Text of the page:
Virtual Global Forum

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AJC Great Debate Preview - Shavit vs. Glick: Two-State Solution or Two-State Illusion?

The collapse of Israeli-Palestinian peace talks last year raised questions about the viability of a two-solution to the conflict. “Two-State Solution or Two-State Illusion?” is the topic of the AJC Global Forum’s Great Debate, featuring authors Ari Shavit and Caroline Glick. Click here to sign up to receive a reminder email when the live webcast of the Great Debate is about to begin on Tuesday, June 8.

On Israel’s Future

Shavit and Glick have very different visions of Israel’s future. Shavit wants Israel to do more to push the two-state solution. He warns that current settlement policies will inextricably entangle Israel in the West Bank and eventually compel a one-state solution, which will either end the Jewish State or end Israel’s democracy. Glick, in contrast, a former negotiator for Israel in the 1990s, argues that contrary to official government statistics and demographers’ projections, there aren’t enough West Bank Palestinians to upend Israel’s Jewish majority. She believes that Israel should annex the area (but not Gaza) in a manner similar to the Golan Heights and East Jerusalem, a step that would not only maintain the settlements, but also serve Israel’s security needs.

On the Importance of a Two-State Solution

Shavit argues that Israel should take unilateral steps to convince the Palestinians of Israeli seriousness regarding a two-state solution. “[Referring to a hypothetical gradual withdrawal from the West Bank]…Not in a way that risks our security or enables rockets to be fired into Israel,…But in a careful, measured way that will show Palestinians that we're serious about a two-state track," said Shavit in an interview last year.

Glick, though, contends that the creation of a Palestinian state would...

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Date: 6/1/2015
Zidan Seef: AJC Moral Courage Award Recipient

They had guns, axes, and meat cleavers. On November 18, 2014, two terrorists attacked a Jerusalem synagogue and brutally murdered four rabbis. They would surely have murdered more, had it not been for Zidan Seef, a Druze Israeli policeman and one of the first responders, who played a key role in ending the attack, but lost his life protecting the worshippers.

On June 7, as part of the Opening Plenary of the AJC Global Forum 2015, AJC will honor Zidan Seef with our Moral Courage Award. His wife, Rinal, will be there to accept the award on his behalf. Sign up to receive an email reminder when the live webcast for this session begins.

Footage shows that Zidan Seef fired from outside the synagogue at the terrorists inside, before one of the terrorists ran out and shot him at close range.  An Israeli TV report found that Zidan Seef’s fire caused a terrorist to fall down and then be shot dead by another policeman, helping end the assault.  Zidan Seef was evacuated to a hospital but, tragically, died later that day from his wounds.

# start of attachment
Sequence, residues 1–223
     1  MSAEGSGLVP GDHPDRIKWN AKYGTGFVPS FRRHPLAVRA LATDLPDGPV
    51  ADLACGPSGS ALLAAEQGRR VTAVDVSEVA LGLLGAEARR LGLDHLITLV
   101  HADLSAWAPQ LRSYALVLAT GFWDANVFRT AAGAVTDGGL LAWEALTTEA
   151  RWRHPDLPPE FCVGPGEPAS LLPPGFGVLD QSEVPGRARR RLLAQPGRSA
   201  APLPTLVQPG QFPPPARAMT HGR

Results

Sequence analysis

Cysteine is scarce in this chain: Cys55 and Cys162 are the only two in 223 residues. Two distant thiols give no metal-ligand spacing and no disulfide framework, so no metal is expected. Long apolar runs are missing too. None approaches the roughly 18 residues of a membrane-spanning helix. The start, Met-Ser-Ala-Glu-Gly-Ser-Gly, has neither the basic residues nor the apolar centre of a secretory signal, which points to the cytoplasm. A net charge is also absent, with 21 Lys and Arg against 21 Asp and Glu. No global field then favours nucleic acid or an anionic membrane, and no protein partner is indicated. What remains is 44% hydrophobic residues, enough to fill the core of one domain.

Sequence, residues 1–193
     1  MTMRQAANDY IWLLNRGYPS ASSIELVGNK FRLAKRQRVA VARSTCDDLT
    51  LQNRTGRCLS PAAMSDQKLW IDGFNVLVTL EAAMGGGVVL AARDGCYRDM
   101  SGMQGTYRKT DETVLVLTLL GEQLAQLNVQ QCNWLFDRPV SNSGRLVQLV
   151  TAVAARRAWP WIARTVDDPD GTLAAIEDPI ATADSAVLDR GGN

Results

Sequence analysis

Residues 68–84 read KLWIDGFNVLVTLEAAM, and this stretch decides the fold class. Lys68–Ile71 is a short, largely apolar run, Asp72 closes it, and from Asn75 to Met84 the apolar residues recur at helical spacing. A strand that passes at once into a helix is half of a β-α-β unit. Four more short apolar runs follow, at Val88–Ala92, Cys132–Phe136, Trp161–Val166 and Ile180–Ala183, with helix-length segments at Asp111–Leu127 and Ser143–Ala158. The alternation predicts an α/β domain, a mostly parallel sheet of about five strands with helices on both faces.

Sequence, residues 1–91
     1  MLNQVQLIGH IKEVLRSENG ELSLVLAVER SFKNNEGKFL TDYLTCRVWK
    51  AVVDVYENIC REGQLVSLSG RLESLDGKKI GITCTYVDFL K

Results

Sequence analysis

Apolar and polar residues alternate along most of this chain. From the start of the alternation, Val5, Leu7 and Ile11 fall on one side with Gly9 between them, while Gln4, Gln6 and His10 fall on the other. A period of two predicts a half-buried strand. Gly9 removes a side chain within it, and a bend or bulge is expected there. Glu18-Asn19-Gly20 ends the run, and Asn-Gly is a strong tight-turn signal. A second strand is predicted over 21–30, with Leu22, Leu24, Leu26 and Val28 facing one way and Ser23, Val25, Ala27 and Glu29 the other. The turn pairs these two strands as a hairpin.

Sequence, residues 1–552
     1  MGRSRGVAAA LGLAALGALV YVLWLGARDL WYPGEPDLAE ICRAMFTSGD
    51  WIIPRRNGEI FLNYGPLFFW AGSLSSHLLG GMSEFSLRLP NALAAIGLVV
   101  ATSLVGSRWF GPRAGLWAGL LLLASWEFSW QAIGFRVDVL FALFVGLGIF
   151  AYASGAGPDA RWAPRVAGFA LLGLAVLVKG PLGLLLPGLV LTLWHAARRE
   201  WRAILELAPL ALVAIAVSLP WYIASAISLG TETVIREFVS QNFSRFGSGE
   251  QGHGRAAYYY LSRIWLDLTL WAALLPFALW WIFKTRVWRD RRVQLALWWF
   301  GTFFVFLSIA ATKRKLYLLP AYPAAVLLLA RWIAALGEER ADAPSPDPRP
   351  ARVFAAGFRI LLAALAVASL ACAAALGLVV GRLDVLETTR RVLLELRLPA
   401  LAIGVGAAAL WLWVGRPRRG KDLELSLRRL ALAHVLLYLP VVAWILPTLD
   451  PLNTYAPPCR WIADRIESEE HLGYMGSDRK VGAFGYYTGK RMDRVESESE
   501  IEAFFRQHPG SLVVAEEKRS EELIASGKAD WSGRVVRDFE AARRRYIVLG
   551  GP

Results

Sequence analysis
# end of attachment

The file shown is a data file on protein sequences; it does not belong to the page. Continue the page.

Israel’s Police Commissioner Yohanan Danino said of Zidan Seef’s actions...

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Date: 5/30/2015
Top 10 Takeaways from Daniel Gordis’s Latest Book

 

The noted thinker and commentator Dr. Daniel Gordis will deliver the “State of the Jewish World Address” at the AJC Global Forum’s Opening Plenary on June 7. What will he say?

Dr. Gordis’s recent book, Menachem Begin: The Battle for Israel’s Soul, may provide some clues. Begin, who served as Israel’s prime minister from 1977 till 1983, was widely stigmatized as an extremist for his role at the head of the militant Irgun paramilitary force in pre-state Palestine.  Dr. Gordis, however, shows that Begin’s approach and insights have great relevance to Jewish life today, and may suggest ways to bring Jews of different backgrounds and viewpoints together.

1. Begin was “the most Jewish prime minister that Israel ever had,” viewing the establishment of a Jewish state not as a break with Jewish tradition, but as an expression of age-old Jewish values.

2. The object of intense political vituperation—being called a fascist, terrorist, and murderer, for example—he never responded in kind.

3. While not religiously observant, he was steeped in Jewish sources and respectful of Jewish practice. He “taught the Jews that love of their tradition was by no means exclusively the province of the ritually observant.”    

4. Unlike the predominant current in Zionist thought, which predicted that creation of a Jewish state would eliminate anti-Semitism, Begin knew that...

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Date: 5/29/2015
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